Mar 17 2010

Adventures of Huckleberry Finn

Today I finished another book, Mark Twain’s 1885 classic “Adventures of Huckleberry Finn“. I’m pretty sure I’ve read an abridged version of the book before because some sections were very familiar, while others were completely new to me. I wouldn’t be surprised if I was handed an edited version in school as the 125 year old book continues to be controversial. A sequel to “The Adventures of Tom Sawyer” (1876), Finn’s book humorously details the events of Huckleberry Finn and Jim’s rafting adventure down the Mississippi River. Twain’s original intent was to tell Huckleberry’s story through adulthood but he later abandoned the idea. Instead, the story ends with Huckleberry making plans to head west for “howling adventures amongst the Injuns”.

The book has been attacked by critics since its publication. Today, most criticisms of the book revolve around Twain’s treatment of Jim, the runaway slave. The language is harsh at times and the “black vernacular” sometimes made me cringe or shift uncomfortably. I guess that’s the desired result of years and years of Black History Month commercials and the cultural admonition that a certain N-word can only be used by blacks. That’s fine. More disturbing to me was the caricature of Jim as a simpleton. Although Jim’s compliance with every hare-brained scheme Finn (and others) submit him to, makes the story more manageable (for the author), it detracts from the character’s believability. In Chapter 15, it was child’s play for Huckleberry to convince Jim that he’d dreamed being lost in the fog just moments before (that’s just one of many examples). Coming out of the fog however, is the most symbolic and poignant part of the book (in my opinion… and that’s what blogs are all about, right?) because it is then that Huckleberry realizes that Jim is a person. This realization however, never seems to dislodge Huck’s notion that Jim is also property and that Huck himself is a bad person for facilitating Jim’s escape. More than once, Huck secretly laments helping Jim because, “What had poor Miss Watson [ever] done to him” to deserve this. It’s a conflict that follows Huck throughout the book and is never really resolved. I think that’s what I liked most about the book. Despite the fact that the ending is a bit over-the-top and wraps up rather neatly, the main conflict (Huck’s moral growth) is left incomplete. This is the most satisfying way for the story to end because although Huck, like the time that he “lived” may never change, they can forever remind us of what we’ve overcome.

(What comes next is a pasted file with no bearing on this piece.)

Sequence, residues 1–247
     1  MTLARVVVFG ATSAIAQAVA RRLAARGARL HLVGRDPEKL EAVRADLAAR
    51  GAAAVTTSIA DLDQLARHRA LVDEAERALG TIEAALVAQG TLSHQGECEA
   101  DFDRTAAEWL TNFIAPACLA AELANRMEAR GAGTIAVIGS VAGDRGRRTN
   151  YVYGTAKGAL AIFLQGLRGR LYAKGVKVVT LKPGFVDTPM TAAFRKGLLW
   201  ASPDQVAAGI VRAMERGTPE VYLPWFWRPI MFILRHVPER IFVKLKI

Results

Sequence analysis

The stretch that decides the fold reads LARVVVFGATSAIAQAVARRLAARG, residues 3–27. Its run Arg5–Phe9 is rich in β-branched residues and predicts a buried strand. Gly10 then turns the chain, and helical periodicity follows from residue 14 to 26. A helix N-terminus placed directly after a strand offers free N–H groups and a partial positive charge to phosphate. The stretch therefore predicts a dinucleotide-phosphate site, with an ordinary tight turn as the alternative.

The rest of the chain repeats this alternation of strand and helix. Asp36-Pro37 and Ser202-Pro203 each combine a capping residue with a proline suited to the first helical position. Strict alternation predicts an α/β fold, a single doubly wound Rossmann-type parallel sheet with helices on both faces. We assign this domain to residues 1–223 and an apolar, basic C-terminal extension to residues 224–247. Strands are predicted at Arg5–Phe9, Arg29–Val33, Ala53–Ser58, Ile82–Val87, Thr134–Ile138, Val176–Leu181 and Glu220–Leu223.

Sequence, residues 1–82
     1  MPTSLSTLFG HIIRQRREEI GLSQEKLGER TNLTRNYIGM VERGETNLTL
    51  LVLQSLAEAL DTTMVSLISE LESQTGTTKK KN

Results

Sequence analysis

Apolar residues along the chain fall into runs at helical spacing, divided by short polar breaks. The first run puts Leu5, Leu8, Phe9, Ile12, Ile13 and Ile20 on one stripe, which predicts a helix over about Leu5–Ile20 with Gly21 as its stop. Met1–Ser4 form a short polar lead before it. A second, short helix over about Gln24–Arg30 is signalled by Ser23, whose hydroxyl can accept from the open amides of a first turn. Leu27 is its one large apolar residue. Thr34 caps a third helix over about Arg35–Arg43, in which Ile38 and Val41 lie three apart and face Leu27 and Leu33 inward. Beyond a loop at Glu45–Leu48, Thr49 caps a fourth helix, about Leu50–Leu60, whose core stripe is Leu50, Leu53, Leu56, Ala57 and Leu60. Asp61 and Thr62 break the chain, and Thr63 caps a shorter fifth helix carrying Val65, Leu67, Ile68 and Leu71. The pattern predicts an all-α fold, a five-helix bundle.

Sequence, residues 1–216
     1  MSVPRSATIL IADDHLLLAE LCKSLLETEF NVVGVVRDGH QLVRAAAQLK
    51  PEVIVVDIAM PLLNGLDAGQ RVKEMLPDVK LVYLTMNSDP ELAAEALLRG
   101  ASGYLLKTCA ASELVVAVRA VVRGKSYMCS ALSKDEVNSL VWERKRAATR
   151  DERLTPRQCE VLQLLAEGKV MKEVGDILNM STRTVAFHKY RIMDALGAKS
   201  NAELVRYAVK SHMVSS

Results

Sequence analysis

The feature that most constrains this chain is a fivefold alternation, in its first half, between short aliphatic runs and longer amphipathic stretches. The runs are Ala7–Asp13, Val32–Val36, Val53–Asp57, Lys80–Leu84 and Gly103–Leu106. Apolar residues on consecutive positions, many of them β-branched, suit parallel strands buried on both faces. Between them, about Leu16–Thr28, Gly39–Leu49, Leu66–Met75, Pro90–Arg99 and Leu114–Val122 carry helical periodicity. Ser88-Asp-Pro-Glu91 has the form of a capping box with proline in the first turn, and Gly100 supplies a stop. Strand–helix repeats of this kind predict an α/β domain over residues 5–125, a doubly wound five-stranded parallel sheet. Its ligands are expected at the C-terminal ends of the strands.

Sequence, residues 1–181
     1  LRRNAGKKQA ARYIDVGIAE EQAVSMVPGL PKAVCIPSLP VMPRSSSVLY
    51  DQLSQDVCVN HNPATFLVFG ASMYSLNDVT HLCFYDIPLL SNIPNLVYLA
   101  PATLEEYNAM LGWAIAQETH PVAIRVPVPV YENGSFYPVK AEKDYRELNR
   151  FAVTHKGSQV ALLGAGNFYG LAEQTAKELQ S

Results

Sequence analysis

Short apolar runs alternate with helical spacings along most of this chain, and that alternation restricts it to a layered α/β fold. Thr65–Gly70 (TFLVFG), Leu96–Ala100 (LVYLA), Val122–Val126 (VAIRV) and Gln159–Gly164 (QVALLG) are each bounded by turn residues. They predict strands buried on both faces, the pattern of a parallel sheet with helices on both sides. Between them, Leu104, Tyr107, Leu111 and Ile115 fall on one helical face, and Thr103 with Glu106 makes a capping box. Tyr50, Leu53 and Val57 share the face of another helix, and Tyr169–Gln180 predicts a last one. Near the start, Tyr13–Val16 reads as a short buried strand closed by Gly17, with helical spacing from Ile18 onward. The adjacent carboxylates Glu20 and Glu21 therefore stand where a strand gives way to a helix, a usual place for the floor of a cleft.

“Well, I says to myself at last, I’m a-going to chance it; I’ll up and tell the truth this time, though it does seem most like setting down on a kag of powder and touching it off just to see where you’ll go to.”

5 out of 5